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    Ashley Giles named England's ODI and T20 coach

    London: Ashley Giles, Warwickshire's director of cricket who is currently in India as England's selector on tour, has been appointed head coach of the ODI and Twenty20 international teams. Andy Flower will remain England team director and be responsible for the preparation and playing strategies of all three formats, said the England & Wales Cricket Board (ECB) on Wednesday.

    Giles, a former England player and current national selector, this season oversaw Warwickshire's run to the County Championship title and has over a quick time emerged as the obvious natural successor to Flower, who will continue to have full accountability for England cricket. Flower will also continue to tour with the Test team.

    Giles is slated to take charge when England return to India in the New Year for five ODIs, followed by a tour to New Zealand in January and February before the ICC Champions Trophy at home next summer. "I am delighted to have been appointed England ODI and T20 head coach and to be given an opportunity to coach at international level. I have worked closely with Andy in recent years as a selector and am looking forward to continuing to work together and to build on the progress that has been made with the ODI and T20 sides in recent years," said the 39-year-old, who played 54 Test matches and 62 ODIs in a career spanning from 1997 to 2006.

    In an ECB press released, Hugh Morris, the managing director of England Cricket, said: "England cricket has enjoyed considerable success over the past five years. In order to build on that success we know that we need to look for ways to evolve and it has become clear that the Team Director role needs to change if we are to ensure we are utilising the role as effectively as possible. Bringing in a head coach for the ODI and T20 formats allows the team director more time to plan for forthcoming series and tournaments and also have a more realistic and sustainable work life balance.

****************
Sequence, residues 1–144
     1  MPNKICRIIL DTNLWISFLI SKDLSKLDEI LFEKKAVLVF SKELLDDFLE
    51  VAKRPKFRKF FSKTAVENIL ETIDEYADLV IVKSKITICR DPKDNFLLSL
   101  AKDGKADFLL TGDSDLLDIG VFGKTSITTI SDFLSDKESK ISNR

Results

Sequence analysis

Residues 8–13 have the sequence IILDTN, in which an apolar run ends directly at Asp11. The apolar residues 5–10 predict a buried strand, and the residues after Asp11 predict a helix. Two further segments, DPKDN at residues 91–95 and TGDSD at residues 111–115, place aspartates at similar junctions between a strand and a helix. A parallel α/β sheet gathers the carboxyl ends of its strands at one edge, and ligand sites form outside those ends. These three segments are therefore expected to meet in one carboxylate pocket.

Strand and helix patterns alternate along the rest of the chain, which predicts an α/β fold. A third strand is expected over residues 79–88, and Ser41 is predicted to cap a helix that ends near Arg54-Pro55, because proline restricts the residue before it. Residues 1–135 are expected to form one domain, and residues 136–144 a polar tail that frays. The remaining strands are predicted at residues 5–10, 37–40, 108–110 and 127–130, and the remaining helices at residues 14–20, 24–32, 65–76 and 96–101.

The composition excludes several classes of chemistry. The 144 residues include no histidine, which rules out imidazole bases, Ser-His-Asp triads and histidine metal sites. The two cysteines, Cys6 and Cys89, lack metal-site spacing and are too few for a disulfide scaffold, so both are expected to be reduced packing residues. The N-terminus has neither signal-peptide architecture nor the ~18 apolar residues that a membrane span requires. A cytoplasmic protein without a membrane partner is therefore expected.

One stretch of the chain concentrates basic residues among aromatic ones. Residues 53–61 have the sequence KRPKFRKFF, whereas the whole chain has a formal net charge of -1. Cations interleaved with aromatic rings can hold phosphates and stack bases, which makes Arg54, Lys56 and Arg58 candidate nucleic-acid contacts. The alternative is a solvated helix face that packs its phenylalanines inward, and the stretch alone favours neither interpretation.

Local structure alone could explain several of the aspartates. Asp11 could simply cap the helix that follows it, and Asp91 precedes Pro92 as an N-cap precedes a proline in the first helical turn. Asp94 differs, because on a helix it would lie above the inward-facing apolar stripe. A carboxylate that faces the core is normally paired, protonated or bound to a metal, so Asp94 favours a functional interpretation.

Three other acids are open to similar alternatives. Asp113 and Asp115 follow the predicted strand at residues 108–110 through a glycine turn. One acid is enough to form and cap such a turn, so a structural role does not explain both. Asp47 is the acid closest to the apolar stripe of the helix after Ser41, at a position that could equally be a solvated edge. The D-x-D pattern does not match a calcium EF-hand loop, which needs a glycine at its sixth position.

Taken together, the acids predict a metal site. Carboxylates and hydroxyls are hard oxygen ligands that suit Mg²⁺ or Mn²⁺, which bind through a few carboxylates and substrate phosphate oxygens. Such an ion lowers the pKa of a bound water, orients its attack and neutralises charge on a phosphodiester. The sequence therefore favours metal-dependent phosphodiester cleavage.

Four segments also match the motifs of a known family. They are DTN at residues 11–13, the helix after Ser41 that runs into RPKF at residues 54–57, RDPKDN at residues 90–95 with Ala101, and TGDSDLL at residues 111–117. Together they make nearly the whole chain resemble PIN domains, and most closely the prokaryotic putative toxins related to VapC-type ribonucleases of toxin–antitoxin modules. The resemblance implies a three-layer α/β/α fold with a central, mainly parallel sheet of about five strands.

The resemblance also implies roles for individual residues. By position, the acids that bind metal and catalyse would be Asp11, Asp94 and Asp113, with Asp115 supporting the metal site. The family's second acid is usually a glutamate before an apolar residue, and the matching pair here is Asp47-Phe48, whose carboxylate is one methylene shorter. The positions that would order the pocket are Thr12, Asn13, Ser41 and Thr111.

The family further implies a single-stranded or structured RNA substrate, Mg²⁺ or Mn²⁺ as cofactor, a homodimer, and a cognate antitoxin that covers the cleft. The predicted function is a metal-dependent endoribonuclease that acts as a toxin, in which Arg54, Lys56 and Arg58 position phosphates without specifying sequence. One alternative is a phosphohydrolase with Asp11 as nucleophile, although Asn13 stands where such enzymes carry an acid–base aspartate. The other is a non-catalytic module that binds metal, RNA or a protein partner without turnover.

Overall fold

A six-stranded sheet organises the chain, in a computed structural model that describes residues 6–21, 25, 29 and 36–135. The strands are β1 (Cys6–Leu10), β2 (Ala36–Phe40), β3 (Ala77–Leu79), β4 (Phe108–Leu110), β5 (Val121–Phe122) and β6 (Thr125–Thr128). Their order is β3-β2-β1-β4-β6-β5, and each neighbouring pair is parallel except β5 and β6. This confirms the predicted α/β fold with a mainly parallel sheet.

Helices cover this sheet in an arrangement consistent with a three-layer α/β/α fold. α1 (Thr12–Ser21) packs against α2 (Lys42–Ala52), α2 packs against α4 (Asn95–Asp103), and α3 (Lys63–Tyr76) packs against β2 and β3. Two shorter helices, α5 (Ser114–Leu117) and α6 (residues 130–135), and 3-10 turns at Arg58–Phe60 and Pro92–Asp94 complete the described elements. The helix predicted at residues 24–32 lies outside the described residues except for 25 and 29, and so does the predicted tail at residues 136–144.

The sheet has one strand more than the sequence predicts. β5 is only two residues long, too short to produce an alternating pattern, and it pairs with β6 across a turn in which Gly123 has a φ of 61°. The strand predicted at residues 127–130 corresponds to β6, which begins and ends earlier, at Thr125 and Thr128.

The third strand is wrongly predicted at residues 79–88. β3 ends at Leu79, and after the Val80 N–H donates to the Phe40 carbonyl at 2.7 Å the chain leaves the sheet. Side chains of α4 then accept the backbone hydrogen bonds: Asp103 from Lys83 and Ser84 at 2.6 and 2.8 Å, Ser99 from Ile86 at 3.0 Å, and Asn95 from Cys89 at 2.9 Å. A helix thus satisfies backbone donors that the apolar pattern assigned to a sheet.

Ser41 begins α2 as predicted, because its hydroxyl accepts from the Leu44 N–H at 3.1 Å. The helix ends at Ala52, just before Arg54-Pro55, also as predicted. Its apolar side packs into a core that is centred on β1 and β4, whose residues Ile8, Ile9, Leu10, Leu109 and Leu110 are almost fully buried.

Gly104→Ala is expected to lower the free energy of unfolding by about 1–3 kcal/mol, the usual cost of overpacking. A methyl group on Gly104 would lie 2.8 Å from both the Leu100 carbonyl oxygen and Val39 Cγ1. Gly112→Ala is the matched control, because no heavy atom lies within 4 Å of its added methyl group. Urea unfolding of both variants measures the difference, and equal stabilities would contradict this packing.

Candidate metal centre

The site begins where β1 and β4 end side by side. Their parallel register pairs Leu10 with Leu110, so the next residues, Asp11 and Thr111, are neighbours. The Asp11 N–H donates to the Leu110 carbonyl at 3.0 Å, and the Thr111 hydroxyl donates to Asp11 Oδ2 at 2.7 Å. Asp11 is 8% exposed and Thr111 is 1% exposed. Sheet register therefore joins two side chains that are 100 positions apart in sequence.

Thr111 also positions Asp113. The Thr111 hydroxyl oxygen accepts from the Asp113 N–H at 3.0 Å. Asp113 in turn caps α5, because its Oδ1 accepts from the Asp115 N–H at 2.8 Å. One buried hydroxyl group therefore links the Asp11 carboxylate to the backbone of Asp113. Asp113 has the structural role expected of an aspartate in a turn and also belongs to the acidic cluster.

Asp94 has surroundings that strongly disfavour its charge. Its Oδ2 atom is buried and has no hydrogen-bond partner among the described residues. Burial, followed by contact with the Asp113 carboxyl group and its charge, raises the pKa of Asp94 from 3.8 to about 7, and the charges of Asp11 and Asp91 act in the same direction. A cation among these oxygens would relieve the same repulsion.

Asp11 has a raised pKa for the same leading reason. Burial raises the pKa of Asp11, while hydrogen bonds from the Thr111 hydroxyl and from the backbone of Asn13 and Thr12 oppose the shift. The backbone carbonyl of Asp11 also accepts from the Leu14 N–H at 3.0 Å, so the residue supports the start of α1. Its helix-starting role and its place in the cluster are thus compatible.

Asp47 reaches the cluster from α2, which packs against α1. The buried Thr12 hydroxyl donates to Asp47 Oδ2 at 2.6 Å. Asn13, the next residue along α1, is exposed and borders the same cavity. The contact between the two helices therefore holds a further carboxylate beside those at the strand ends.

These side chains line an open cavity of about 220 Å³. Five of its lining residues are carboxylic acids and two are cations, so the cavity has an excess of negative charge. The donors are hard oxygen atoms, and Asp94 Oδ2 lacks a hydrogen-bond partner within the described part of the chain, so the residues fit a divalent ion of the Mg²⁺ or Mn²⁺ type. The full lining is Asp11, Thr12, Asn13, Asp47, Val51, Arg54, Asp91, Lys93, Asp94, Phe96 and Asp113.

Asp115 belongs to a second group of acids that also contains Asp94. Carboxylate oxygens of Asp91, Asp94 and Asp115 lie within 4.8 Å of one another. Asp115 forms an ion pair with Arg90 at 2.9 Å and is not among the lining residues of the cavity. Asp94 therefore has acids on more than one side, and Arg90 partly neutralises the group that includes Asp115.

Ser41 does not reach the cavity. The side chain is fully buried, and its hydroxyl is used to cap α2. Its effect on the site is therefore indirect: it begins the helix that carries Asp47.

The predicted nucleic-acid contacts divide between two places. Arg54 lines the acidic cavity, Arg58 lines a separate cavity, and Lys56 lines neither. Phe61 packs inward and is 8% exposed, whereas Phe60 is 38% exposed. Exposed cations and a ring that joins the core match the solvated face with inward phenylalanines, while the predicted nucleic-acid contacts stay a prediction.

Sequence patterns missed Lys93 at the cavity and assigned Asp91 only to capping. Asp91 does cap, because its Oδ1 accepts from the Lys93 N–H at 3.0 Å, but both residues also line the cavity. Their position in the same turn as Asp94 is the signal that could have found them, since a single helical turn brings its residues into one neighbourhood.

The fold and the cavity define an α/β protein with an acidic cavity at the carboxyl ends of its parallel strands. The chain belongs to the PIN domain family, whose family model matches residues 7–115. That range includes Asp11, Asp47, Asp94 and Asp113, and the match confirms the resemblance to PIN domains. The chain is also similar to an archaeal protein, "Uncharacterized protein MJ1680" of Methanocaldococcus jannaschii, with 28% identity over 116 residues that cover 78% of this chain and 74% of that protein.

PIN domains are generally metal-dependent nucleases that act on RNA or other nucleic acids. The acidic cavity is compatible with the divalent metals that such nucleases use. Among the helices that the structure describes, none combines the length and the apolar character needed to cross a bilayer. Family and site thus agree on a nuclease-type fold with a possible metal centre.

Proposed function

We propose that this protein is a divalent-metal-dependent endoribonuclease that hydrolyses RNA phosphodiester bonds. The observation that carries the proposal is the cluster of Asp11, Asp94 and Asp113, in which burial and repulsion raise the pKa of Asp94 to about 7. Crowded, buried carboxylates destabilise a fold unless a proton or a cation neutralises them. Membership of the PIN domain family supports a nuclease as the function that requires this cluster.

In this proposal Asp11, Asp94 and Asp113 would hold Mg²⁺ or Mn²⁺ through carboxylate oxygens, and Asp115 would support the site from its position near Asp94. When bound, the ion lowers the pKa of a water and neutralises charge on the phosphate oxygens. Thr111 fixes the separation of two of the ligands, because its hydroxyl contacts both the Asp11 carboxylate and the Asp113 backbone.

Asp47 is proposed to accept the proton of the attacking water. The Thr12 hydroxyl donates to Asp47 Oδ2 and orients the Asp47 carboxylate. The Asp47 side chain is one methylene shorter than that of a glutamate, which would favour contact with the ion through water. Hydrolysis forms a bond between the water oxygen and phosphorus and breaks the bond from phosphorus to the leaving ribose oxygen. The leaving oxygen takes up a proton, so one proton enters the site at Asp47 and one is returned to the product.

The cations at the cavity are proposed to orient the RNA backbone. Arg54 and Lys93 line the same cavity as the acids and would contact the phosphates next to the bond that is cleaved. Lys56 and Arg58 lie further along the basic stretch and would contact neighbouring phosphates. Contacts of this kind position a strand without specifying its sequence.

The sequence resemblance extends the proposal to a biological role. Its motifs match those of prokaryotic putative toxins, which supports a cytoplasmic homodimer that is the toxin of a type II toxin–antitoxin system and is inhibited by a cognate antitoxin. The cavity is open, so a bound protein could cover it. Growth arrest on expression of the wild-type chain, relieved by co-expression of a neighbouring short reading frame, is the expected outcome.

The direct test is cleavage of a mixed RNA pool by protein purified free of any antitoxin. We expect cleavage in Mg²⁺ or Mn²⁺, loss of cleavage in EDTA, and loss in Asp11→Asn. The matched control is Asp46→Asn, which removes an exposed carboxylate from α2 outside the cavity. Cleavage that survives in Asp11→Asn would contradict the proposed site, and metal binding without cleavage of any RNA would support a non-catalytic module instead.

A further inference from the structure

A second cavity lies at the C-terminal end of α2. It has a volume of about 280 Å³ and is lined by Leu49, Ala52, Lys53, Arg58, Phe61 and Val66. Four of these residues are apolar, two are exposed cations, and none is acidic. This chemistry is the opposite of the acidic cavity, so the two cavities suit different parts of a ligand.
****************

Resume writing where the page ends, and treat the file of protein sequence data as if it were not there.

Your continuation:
"Andy Flower has played a central role in the successes we have enjoyed in England cricket in the last few years and will continue to be responsible for the development and implementation of the strategies needed to ensure we continue to improve."

    "I'm very excited by these changes and very much looking forward to working with Ashley Giles as we look to build on the success England cricket has had in the last few years. The changes in my role will provide me with new challenges and the time to allow me to focus on areas that are important if England cricket is to continually improve," said Flower, who took over from Peter Moores in January 2009, initially on an interim basis. "These include developing strategies to give us an opportunity for sustaining success in all three formats of the game. The change in role will also allow me to thoroughly plan and prepare for each of our international series whilst spending the right amount of time at home with my young family."

    Since he was given the job of head coach full-time, Flower has guided England to become ICC World Twenty20 champions at the No. 1 Test team, briefly, as well as helping England to a first series win in Australia for 23 years.